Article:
Gov. Greg Abbott is plotting an aggressive approach to the upcoming special session of the Legislature, diverting from his above-the-fray style to try to see through an ambitious 20-item agenda.
The push came into public view Thursday, when Abbott’s office began announcing lawmakers who will take the lead on individual items — state Rep. Craig Goldman, R-Fort Worth, and state Sen. Kelly Hancock, R-North Richland Hills, intend to author legislation cracking down on mail-in ballot fraud, for example. Abbott’s office is working to line up similar pairs for all 20 items.
These are not the only preparations his office has been making for the special session, which begins July 18. Since its announcement, his staff has been privately meeting with a range of stakeholders to solicit their input and build support for the agenda.
“I think there clearly is a sense that they’re much more engaged,” said Dale Craymer, the president of the Texas Taxpayers and Research Association, which met last week with Abbott’s staff.
People like Craymer note that it’s natural for the governor and his office to be more hands-on in the lead-up to a special session because the agenda is entirely of the governor’s making. But some also say the increased level of engagement is notable after a regular session in which Abbott faced some criticism for being absent from legislative battles.
Abbott sought to recapture the spotlight June 6 when he laid out his surprisingly lengthy special session call, asking lawmakers to take up everything from raising teachers’ pay by $1,000 to pre-empting local ordinance regulating trees on private land. He ordered legislators to first pass a series of bills that prevent some state agencies from closing.
People who have spoken to Abbott’s office in recent days say they realize the agenda is a heavy lift but are determined to get it done. Abbott’s staff, one of those people said, “are not walking into this unaware of the challenge.”
“The buzz is that they’ve called every trade association in town, they are visiting with people from across the state, visiting aggressively with folks in making sure that as much of this agenda as possible is passed during the special session in hopes that there’s not another,” said Luis Saenz, a lobbyist who used to work for Abbott’s office.
One trade organization Abbott’s office has met with is the Texas Building Owners and Managers Association, which represents commercial real estate throughout the state and has an interest in property tax reform. The group’s president, Brett Williams, said Abbott’s office walked him through all 20 items and left him with the impression that they are “trying to get the issues across the line.”
Abbott, for his part, has declined to say whether he is willing to call subsequent special sessions if lawmakers do not complete his checklist in their first 30 days. Technically, the special session is not even official yet — Abbott has not filed the proclamation that would allow lawmakers to start filing bills, and his office has not given any indication of when he may.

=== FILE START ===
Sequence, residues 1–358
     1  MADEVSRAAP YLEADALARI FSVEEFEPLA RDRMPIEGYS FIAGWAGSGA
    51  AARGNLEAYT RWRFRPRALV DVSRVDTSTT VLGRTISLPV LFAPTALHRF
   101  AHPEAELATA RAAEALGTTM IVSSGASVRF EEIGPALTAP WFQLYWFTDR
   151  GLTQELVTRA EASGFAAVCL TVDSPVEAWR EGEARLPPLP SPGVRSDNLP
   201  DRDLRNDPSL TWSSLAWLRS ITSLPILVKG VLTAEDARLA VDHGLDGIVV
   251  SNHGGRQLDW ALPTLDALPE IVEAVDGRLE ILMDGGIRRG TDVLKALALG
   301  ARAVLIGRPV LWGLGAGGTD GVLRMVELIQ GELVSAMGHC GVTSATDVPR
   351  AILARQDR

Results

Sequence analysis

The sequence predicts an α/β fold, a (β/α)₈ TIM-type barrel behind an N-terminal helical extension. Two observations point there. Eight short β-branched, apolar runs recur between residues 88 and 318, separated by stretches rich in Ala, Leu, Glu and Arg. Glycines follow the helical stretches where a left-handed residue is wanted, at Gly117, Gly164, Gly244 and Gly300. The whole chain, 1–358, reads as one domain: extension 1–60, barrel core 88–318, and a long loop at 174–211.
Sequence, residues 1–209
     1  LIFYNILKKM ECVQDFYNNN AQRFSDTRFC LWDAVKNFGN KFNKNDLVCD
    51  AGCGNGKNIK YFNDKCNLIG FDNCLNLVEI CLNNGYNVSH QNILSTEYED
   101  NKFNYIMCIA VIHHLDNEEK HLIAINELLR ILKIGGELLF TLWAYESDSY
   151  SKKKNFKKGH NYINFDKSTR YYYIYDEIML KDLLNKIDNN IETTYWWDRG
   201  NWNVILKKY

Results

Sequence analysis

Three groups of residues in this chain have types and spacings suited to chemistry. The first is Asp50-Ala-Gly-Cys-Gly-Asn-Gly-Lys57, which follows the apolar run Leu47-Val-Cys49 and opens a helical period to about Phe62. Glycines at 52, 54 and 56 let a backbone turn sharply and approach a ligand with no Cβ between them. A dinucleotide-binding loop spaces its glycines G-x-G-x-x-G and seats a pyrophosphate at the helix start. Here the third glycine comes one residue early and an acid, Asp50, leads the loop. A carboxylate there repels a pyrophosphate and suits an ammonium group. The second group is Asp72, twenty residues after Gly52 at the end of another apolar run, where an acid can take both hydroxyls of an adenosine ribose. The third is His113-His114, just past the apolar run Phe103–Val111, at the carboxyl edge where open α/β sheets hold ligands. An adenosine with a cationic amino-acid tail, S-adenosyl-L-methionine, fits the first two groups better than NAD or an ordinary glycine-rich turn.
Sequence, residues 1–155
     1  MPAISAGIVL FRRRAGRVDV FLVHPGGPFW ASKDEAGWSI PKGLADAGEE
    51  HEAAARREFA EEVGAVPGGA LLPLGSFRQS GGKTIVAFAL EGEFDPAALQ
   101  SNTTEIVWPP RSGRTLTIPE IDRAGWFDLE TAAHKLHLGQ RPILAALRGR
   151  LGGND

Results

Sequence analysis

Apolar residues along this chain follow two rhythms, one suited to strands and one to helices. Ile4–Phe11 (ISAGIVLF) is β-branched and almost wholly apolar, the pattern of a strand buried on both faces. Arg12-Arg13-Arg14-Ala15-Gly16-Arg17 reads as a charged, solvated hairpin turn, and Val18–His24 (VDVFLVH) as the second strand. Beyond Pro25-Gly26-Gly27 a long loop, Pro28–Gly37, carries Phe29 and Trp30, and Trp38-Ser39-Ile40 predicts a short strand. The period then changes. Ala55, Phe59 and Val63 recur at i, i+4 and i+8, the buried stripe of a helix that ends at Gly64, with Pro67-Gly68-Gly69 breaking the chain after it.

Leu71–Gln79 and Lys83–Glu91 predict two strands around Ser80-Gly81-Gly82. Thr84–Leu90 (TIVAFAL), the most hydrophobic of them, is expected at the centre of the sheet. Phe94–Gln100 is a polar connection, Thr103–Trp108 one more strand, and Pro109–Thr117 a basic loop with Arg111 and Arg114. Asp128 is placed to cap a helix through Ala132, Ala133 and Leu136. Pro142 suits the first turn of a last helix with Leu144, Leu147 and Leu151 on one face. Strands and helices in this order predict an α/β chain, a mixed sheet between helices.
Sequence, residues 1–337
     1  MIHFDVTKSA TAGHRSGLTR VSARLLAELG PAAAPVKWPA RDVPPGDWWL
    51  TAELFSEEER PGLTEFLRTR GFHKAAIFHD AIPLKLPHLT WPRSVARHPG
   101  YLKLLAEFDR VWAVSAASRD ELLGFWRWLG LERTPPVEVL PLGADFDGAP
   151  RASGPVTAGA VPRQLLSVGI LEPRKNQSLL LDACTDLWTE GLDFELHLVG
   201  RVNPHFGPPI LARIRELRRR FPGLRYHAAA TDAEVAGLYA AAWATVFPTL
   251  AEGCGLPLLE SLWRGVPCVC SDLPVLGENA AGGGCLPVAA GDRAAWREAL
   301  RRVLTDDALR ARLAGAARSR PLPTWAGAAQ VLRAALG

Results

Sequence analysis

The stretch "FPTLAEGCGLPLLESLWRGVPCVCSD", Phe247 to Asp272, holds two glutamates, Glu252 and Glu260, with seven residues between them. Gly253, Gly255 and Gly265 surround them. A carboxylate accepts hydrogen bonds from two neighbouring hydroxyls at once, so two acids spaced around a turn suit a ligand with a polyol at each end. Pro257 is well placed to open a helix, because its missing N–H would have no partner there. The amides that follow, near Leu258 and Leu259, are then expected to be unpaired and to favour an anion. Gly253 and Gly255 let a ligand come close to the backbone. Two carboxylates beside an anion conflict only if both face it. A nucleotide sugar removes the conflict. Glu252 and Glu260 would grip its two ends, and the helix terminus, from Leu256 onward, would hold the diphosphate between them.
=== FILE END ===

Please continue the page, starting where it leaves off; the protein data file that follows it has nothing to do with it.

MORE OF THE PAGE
Regardless, Abbott’s office sees a number of sources for optimism once the special session gets underway: Without any must-pass bills — aside from the agency-saving measures — there is less potential for hostage-taking. It’s much harder for the House to get away with killing legislation in the Calendars Committee, which sets the daily agenda, when there aren’t thousands of bills flowing through it. And in general, the spotlight will be burning bright and hot on the 20 items with far fewer distractions.
Abbott’s massively funded political operation — his re-election campaign has a $34.4 million war chest and no serious opponent — will also be closely watching the special session. Sources say he and his office plan to make clear “who’s with him and who’s not” on his agenda for the special session, which will unfold with a few months until candidate filing begins for the 2018 election cycle.
What remains to be seen is whether the preparation will be enough to overcome the challenges that led to a special session in the first place: sharp differences on priorities between the House and Senate and, to a lesser extent, between the House and the governor. There have been few signs those tensions have thawed since the end of the regular session.
In a speech last week, House Speaker Joe Straus, R-San Antonio, jokingly compared Abbott’s special session agenda to a pile of manure while throwing cold water on multiple agenda items.
Lt. Gov. Dan Patrick, meanwhile, has continued to present himself as Abbott’s eager partner at the top of the state government, all but pledging the Senate’s full support for the governor’s special session agenda.
“I’m glad we’re having a special session,” the lieutenant governor said in a radio interview Wednesday. “The governor and I are linked shoulder-to-shoulder on these issues.”
Read related Tribune coverage:
- Texas lawmakers will return to Austin in a month to take another swing at more than a dozen issues they couldn’t resolve during the regular legislative session. So what has changed? [link]
- A review of Gov. Greg Abbott’s schedule during May provides a glimpse into the final stretch of the legislative session, where the governor tried in vain to bring together lawmakers to avoid a special session. [link]
- Well before the current legislative standoff over public accommodations for transgender Texans, the political elements of the “bathroom bill” fight were falling into place. [link]
Author: PATRICK SVITEK – The Texas Tribune